Current Pediatric Research

Case Report - Current Pediatric Research (2018) Volume 22, Issue 4

Varicella zoster Virus Reactivation in Otherwise Healthy Child.

Varicella Zoster Virus (VZV) is a human viral infection. Reactivation of the latent VZV infection manifests as herpes zoster. Reactivation in children is rare as the age is the number one risk factor for reactivation. Complications of the infection include Post-Herpetic Neuralgia (PHN), a bacterial infection of the crusted skin, and neurological complications. We present a case of a 13-year-old child with herpes zoster infection accompanied by multiple risk factors. The patient presented to the emergency department complaining of a painful vesicular rash affecting the right side of his face. The rash appeared as multiple grouped vesicles on an erythematous base. After a thorough history, physical examination, and investigation; he was diagnosed with herpetic (varicella) vesiculobullous dermatitis. A subsequent pathology report confirmed the diagnosis. He was treated accordingly with a marked improvement by the second week. Reactivation of VZV infection in children is rare at a rate of (0.74/1000 person-years) among the 0 to 9-year-old age group and (1.38/1000 person-years) in 10 to 19-year-old age group. It is theorized to be a consequence of decreased cell-mediated immunity. Nonetheless, the reason of reactivation in immunocompetent children remains unclear. In the presented case, the patient may possibly have got exposed either in utero, through vaccination, or from major facial trauma.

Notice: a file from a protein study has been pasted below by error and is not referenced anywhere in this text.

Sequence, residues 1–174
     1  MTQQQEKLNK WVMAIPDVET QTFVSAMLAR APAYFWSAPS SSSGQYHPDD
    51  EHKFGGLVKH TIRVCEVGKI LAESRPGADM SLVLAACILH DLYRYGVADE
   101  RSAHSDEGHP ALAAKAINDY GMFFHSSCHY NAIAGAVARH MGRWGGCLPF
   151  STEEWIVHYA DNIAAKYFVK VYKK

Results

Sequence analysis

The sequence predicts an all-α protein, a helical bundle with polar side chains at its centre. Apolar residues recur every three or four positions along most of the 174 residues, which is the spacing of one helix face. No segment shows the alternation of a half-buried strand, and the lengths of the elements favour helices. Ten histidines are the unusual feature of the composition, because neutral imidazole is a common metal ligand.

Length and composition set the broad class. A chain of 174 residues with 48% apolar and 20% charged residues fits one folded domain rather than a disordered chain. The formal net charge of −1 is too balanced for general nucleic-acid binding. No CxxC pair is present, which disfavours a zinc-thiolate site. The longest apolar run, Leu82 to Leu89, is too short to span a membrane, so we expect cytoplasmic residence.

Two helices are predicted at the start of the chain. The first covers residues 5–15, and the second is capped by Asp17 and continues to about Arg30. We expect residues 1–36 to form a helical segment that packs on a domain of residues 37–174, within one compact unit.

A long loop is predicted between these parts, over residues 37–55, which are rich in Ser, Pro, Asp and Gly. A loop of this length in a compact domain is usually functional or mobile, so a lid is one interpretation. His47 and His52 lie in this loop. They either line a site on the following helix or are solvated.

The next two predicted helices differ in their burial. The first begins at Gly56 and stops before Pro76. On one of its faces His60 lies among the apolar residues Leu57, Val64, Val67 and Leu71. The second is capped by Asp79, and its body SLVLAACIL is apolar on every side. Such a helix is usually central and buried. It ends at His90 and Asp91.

Author(s): Rawia Albar, Alhussain Alzahrani, Mohammed Alzahrani, Abdulhameed Bokhari, Abdullah Abdulsalam Ghouth Ali

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